In between GD and UNM, more genuinely liberal forces have a hard time to develop. In the parliamentary elections in 2016, the two liberal parties, the Republicans and the (Georgian) Free Democrats, missed the then prevailing 5 percent-clause although they both scored well above 4 percent so that, together, almost 10 recent of the population voted liberal. They did not recover from this blow so that, in the elections in 2020, when the 5 percent-clause did not apply, they became virtually invisible as a political force. In the upcoming elections, liberals will be back on the campaigning stage, but with a total of five (!) parties, which is way too many in such a small country. As the 5 percent-clause has been re-introduced, they are likely to split their potential of votes again. Obviously, they must join forces to make a difference. Presently, there are serious talks about a cooperation, but it is not yet clear what the outcome will be.

Whatever the outcome, liberal parties face other major challenges. The most serious one is the “state capture” of the ruling GD, which partly follows the right-wing populist pattern used by Viktor Orbán in Hungary. Large parts of the media are indirectly government-controlled and use all standard tools to discredit the political message of liberally minded political competitors. In this respect, a major topic are LGBT+ rights, which are scary for large parts of the conservatively minded electorate. Although they will clearly not be in the focus of liberal campaigning, which will feature much more down-to-earth topics like economic growth, new jobs and more employment, better wages and less price inflation, the GD-biased media again and again pick out LGBT+ rights as “the” major topic of liberal programmes.

In a similar spirit, the government manipulates the rules of the democratic game to adjust the political environment to their advantage. The playing around with the 5 percent clause in parliamentary elections – applied in 2016, removed in 2020, re-introduced in 2024 – is just one example among many. Another major one is the recent shift from a more presidential to a more parliamentary democracy. Formerly, the President was elected directly by the people; in the future (beginning 2024/5), he or she will be elected by a mostly parliamentary vote, which obviously deprives him or her of much power. Again, the governing GD stands behind this constitutional change, which is likely to reduce the trust in democratic institutions, not least because of the recent encouraging experience with the current Mme President Salome Zourabichvili.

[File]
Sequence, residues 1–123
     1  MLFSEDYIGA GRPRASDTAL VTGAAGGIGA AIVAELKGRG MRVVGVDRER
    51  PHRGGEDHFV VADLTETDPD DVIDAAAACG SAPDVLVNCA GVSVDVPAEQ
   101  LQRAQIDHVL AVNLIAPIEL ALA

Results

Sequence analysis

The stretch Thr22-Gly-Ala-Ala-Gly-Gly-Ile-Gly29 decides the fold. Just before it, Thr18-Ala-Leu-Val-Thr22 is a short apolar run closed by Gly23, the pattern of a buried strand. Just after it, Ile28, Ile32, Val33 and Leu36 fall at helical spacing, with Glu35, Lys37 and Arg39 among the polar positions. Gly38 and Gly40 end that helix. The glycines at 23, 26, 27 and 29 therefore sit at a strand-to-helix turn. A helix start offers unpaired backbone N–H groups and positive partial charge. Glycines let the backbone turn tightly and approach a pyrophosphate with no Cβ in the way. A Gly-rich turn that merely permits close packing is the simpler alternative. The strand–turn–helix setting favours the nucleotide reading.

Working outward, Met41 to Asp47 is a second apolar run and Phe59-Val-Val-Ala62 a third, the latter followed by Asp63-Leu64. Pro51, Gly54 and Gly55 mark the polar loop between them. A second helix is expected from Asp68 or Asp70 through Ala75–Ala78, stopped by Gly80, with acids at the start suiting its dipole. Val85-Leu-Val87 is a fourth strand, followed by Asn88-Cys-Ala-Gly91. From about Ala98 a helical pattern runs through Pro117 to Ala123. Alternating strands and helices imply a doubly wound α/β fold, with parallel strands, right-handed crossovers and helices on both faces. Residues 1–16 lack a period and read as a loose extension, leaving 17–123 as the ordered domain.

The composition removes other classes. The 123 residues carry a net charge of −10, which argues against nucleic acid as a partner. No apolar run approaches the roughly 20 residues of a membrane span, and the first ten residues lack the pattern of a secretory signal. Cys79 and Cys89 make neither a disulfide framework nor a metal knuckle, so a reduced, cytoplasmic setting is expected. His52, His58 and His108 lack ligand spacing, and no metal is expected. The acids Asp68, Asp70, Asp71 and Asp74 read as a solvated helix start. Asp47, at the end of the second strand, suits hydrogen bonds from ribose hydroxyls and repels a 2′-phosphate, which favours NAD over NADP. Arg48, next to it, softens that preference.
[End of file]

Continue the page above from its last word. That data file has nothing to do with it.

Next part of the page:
Her career is remarkable. She grew up in Paris as the daughter of an exiled Georgian family, later joined the Georgian diplomatic service, became Minister of Foreign Affairs and was elected with the support of GD as President of Georgia in 2018 by a narrow margin of the popular vote. In the last years she became an outspoken advocate of the rule of law, fair democratic procedures and civil liberties – and against state capture. She also strongly supported the European and western aspirations of the country and did so much more consistently than the government. All this raised her popularity, which was rather low at the beginning – maybe a genuine indicator of evolving trust into a leading politician and authority. What followed was a Georgian-style attempt at impeachment – on the legal grounds that she violates her duties. The attempt failed miserably in parliament – and now enjoys even greater popularity and respect for her remaining time in office, which ends in December 2024.

Obviously, this is not how a mature democracy should work. In this sense, Georgia still has a long way to go. Maybe the emergence of a personality like Mme President Salome Zourabichvili could be an opportunity to speed up the process of maturation. At present, it is unlikely that she will continue with whatever political career in the future; at least this is what the rumours say. However, even without a powerful political position, she may remain as an authority supporting the country on its wrinkled path to become a genuinely liberal democracy that someday qualifies for EU-membership.